|Brennen Beyer (image via Bleacher Report)|
Coming out of Plymouth (MI) Plymouth in 2011, Beyer was a Rivals 4-star, the #16 strongside end, and #201 overall. He committed in April of 2010 (LINK) and I gave him a TTB Rating of 82.
Despite being rather unready physically, Beyer played as a backup SAM linebacker during his freshman year. It was a position that was roughly similar to weakside end, so he was not asked to drop back in coverage often. He made 11 tackles during his inaugural season. He started nine games as a sophomore, making 19 tackles, .5 tackles for loss, and 1 forced fumble. As a junior in 2013, he bounced from starting at SAM linebacker (when Jake Ryan was recovering from a torn ACL) to starting at strongside end. He made 27 tackles, 4 tackles for loss, 2 sacks, 1 forced fumble, and the biggest play of his career, a 7-yard interception return for a touchdown against Iowa (thrown by Jake Rudock, who will be playing for Michigan this coming fall). Beyer became the full-time starter at strongside end as a senior in 2014, finishing his final campaign with 35 tackles, 7.5 tackles for loss, and 5.5 sacks.
92 tackles, 12 tackles for loss, 7.5 sacks, 2 forced fumbles, 1 pass breakup, 1 interception for 7 yards (TD)
Academic All-Big Ten, 2012-2014
I suppose in the grand scheme of things, my comparison between Roh and Beyer was quite apt. Both played linebacker for a spell before turning into strongside ends. Both also had trouble carrying enough weight for the strongside end position and were somewhat limited athletically. As you can see from the commitment post linked above, I always thought Beyer was a year behind where he should have been. He should have been redshirting in 2011 but he was a backup SAM. He should have been working his way slowly onto the field in 2012, but he started nine games. So on and so forth. Ideally, he would be entering his fifth year senior season and penciled in as a starter at one of the end positions. Early on in his career, I lamented Beyer's playing time because he simply didn't produce - through two seasons of significant playing time, he had exactly 30 total tackles and .5 tackles for loss. He started to come into his own during his last two seasons, when he was probably talented enough to be a spot starter or heavily used backup, but instead got pressed into duty as a SAM linebacker and strongside end, neither of which truly fit his skill set. Lamenting aside, he had a solid career and will always have that touchdown, which is a special moment for a defensive lineman.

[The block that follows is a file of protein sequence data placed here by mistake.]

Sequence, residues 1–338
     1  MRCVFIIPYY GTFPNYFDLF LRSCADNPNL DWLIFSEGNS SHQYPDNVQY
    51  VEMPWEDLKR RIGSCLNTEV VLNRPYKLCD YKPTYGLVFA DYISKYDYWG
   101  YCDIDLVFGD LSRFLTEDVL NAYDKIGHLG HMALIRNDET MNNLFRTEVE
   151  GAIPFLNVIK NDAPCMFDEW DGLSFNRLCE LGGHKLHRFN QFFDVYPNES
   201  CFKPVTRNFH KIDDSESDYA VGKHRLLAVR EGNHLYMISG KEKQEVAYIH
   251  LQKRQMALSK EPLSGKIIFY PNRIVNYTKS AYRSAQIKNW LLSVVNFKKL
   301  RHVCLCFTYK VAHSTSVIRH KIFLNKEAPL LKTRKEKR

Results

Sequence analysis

I WILL REMEMBER HIM FOR . . .
. . . returning that Jake Rudock interception for a touchdown. You can't help but love watching the big guys up front get an interception once in a while, let alone return it for a score.
Beyer was not invited to the NFL Combine, but he had a decent performance at Michigan's pro day in mid-March. He ran a 4.9 forty, had a 4.12 shuttle, benched 225 lbs. 20 times, had a 33.5" vertical, and broad-jumped 9'2". He still probably won't get drafted simply because of the aforementioned lack of production. He lacks the size to be a strongside end in the NFL, and he lacks the speed to be an outside linebacker or weakside end at the next level. A team will probably bring him in for a tryout, but I doubt he will make an NFL roster.
too late now, i know, but do you think beyer might have been more successful as a tight end?ReplyDelete
I think Frank Clark offers an interesting comparison. IIRC both guys arrived under 220#. To some degree, they were "projection" players (ones where you'd have to imagine them with more weight) as opposed to someone like Justin "Mr. Plow" Boren, who was ready to go right away size-wise.ReplyDelete
Clark got bigger (and better), Beyer struggled a bit to get bigger and wasn't as impressive at the higher weight.
Maybe not quite that simple, but you get the general idea .....
I watched him play in the high school state finals and I never got the impression from him that he was the best player on the field. He didn't dominate in the game and he often looked out of place. He was not a high motor kind of kid and wasn't the most physical specimen on the field. I am not sure if defense was his strong suit, but offense wasn't his either. He was really just a notch better than most of his team, but not enough I was seeing a superstar in college. Obviously the coaches saw something, but he never really hit that potential. Maybe it was all the changes, maybe is was a lack of effort or maybe it was just poor scouting. I am not sure a shift to the offense would have made a huge difference in his output while at Michigan. He is probably a great kid and he got a world class education. Best of luck to him.ReplyDelete
A Red Shirt year would have made all the difference for Beyer, that and possibly seeing what he could do as a TE. I saw him play at Plymouth and thought he might have been a better TE than DE.ReplyDelete
I agree. Hoke and the lack of depth in 2011 basically ruined his development. Glad to see that he was Academic All Big Ten for 2 consecutive years. Hopely he can do well after graduating.Delete